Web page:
How to claim Housing Benefit
You might be able to get Housing Benefit to help pay your rent if you’re on a low income or you claim benefits - but most people have to claim Universal Credit instead. You should check if you can get Housing Benefit before you apply.
If your Housing Benefit doesn’t cover your rent, you might also be able to get a Discretionary Housing Payment (DHP). A DHP is an extra payment to help you pay your rent.
Applying for Housing Benefit in your area
You usually need to apply through your local council.
Check your local council’s website to find out how to apply. You can find your local council’s website on GOV.UK. The website should also say if you can get any extra help with applying - for example, you might be able to apply in person if you’d find it difficult to apply online.
If you’re applying for Pension Credit you can tell the Pension Service you'd like to apply for Housing Benefit at the same time.
The Pension Service should send your completed form to your local council.
If you live with your partner
Only one of you needs to claim Housing Benefit.
You’ll need to put your and your partner’s details on the form. Your local council will look at both your incomes to decide how much Housing Benefit you’ll get.
If one of you gets ESA, it’s usually best for the other partner to claim Housing Benefit. Otherwise there’s a chance you’ll get less money.
If no-one gets ESA, It doesn’t usually matter who makes the claim for Housing Benefit.
Filling in the form
Be as specific as you can when you’re answering the questions. It’s a good idea to gather all the information you’ll need before you start. For example, check how much you earn and whose name is written on your tenancy agreement.
If your income changes, explain how much you think you’re going to get and over what period of time. It’s OK to give an estimate - just let the council know.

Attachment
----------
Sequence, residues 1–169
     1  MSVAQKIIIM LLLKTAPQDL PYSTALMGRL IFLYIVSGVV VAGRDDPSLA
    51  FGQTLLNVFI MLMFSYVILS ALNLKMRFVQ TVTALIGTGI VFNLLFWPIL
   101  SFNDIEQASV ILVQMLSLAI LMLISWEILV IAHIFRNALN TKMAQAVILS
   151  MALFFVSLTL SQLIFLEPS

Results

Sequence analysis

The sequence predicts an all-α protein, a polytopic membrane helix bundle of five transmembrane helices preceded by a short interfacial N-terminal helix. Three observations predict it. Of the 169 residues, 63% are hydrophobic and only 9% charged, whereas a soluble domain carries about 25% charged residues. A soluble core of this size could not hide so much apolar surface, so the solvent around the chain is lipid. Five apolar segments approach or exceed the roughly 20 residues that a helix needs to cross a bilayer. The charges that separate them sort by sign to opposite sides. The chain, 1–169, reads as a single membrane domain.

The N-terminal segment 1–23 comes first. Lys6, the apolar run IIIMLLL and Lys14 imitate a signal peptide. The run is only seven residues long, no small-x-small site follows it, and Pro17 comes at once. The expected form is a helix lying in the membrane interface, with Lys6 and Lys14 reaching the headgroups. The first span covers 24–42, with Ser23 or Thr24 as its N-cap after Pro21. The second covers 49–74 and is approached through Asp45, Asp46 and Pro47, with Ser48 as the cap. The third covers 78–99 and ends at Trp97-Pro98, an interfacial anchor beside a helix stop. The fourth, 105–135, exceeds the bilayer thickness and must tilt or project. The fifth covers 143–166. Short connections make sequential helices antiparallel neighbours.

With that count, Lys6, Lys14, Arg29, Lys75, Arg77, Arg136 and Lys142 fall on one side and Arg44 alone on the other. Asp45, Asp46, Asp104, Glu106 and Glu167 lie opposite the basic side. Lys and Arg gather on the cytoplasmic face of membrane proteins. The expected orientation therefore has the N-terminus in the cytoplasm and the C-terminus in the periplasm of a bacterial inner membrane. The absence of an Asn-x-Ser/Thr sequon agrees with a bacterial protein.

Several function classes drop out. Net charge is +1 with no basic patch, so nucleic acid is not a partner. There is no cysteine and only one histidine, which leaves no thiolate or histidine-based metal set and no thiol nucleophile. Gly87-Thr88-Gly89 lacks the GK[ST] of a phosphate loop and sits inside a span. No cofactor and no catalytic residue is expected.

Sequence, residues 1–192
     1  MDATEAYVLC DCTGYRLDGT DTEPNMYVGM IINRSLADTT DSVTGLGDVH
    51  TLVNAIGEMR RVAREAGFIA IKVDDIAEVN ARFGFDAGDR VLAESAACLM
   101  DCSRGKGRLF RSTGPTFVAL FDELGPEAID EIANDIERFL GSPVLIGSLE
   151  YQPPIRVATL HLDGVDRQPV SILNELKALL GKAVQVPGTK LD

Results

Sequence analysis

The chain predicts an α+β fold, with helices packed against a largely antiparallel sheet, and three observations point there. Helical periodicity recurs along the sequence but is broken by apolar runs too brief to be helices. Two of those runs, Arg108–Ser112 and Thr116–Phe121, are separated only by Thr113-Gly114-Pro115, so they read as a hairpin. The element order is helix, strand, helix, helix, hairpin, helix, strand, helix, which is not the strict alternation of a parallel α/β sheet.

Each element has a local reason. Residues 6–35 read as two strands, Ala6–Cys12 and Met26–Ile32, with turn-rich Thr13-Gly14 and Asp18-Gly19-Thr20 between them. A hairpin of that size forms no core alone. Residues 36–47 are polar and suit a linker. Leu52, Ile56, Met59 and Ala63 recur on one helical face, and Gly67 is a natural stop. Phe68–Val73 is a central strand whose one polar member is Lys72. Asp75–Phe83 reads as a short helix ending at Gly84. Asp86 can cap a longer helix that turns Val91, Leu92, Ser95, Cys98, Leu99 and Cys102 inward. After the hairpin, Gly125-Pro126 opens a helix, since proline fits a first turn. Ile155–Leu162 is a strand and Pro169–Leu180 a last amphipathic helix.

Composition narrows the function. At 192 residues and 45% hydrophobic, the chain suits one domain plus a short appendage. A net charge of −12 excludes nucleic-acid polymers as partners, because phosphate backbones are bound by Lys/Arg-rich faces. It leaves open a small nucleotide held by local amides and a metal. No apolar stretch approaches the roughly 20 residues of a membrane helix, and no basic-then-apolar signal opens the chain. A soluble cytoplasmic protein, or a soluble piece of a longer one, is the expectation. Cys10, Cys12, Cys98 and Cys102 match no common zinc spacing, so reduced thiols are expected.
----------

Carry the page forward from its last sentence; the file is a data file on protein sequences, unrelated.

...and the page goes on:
If you get other benefits
Make sure you include details of any other benefits you get. It might mean you’re automatically entitled to the maximum amount of Housing Benefit.
If the form doesn’t ask about your other benefits, write on a separate piece of paper:
- the benefits you get
- how long you’ve been claiming them
- how much you get each week in benefit payments
If you pay a service charge
Include details of service charges you pay for things like collecting rubbish or cleaning shared areas outside your flat. You might get Housing Benefit to cover the charges if:
- it’s a service for the whole building - not just your flat
- you have to pay the charge to live in the building
Housing Benefit won’t cover service charges that are just for you or your home - like meals or heating for your flat. You can use the Turn2us benefit calculator to find out what other help you could get with these charges.
If you were eligible for Housing Benefit before you applied
Ask for your Housing Benefit to be backdated when you apply.
The form should have a section about backdating - it’s sometimes called a ‘late claim’.
If there isn’t a section about backdating or late claims, write on a separate piece of paper:
- the date you became eligible for Housing Benefit - and want your claim backdated to